Katie Harman

Katie Harman
Clinical Assistant Professor
Department of Health & Sport Sciences
Room 104S - SAC E
502-852-0057
kaharm01 @ louisville.edu

Dr. Harman's curriculum vitae [PDF]

Bio

Dr. Harman received her doctoral training from the University of Louisville in the Department of Anatomical Sciences and Neurobiology. In addition to her graduate training at UofL, Dr. Harman conducted an international collaborative study at the University of British Columbia, Vancouver, Canada. Her pre-clinical research has largely focused on understanding the progression of both autonomic and locomotor dysfunction following central nervous system injury and disease. In addition to her research efforts, Dr. Harman has extensive teaching experience in various subjects in the anatomical sciences. She is currently directing Human Biomechanics and the laboratories for Anatomy and Physiology.

Educational Background

  • Ph.D., Anatomical Sciences and Neurobiology, University of Louisville
  • M.S., Anatomical Sciences and Neurobiology, University of Louisville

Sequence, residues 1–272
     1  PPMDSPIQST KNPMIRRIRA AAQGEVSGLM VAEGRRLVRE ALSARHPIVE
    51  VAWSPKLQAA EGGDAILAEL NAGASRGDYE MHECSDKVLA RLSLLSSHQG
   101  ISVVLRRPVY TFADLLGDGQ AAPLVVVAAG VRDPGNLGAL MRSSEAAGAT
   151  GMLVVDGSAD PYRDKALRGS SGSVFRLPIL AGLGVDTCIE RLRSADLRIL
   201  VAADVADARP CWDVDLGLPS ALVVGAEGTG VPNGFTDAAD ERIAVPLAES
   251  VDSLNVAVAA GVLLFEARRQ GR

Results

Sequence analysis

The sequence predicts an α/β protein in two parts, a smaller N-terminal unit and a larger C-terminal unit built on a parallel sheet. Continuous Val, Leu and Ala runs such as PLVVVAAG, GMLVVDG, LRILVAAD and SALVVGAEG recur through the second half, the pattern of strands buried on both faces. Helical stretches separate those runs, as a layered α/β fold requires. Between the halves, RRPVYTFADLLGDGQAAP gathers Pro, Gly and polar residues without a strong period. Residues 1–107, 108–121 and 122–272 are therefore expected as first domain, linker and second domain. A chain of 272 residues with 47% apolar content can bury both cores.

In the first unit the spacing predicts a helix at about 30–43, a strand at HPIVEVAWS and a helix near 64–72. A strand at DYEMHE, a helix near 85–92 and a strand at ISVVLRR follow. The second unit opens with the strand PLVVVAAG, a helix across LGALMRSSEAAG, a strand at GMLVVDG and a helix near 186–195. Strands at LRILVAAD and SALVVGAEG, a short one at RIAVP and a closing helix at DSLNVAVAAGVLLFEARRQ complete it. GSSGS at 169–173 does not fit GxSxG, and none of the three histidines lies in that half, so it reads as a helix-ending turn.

• B.S., Psychology with a Biology Minor, University of Louisville

Teaching Areas

  • Human Anatomy and Physiology
  • Biomechanics

Research Areas

  • Central nervous system injury and disease
  • Autonomic and locomotor dysfunction
  • Cardiovascular function

Resent Publications

  • Harman KA, States GJ, Wade A, Stepp C, Wainwright GN, DeVeau KM, King NT, Shum-Siu A, Magnuson DSK (2017). Temporal analysis of cardiovascular control and function following contusive T3 and T10 spinal cord injury in rodents. (in review)
  • DeVeau KM, Harman KA, Squair JW, Krassioukov AV, Magnuson DSK, West CR (2017). A comparison of passive hind-limb cycling and active upper limb exercise provides new insights into systolic dysfunction following spinal cord injury. American Journal Physiology Heart and Circulatory Physiology, ajpheart.00046.02017. doi:10.1152/ajpheart.00046.2017
  • Squair JW, DeVeau KM, Harman KA, Poormasjedi-Meibod MS, Hayes B, Liu, J, Magnuson DSK, Krassioukov AV, West, CR (2017). Spinal cord injury causes systolic dysfunction and cardiomyocyte atrophy. Journal of Neurotrauma. doi:10.1089/neu.2017.4984
  • Harman KA, DeVeau KM, Squair JW, Woods BD, West CR, Magnuson DSK, Krassioukov AV (2016). Autonomic dysreflexia persists following acute rehabilitation in rats with incomplete contusive spinal cord injury. (in preparation)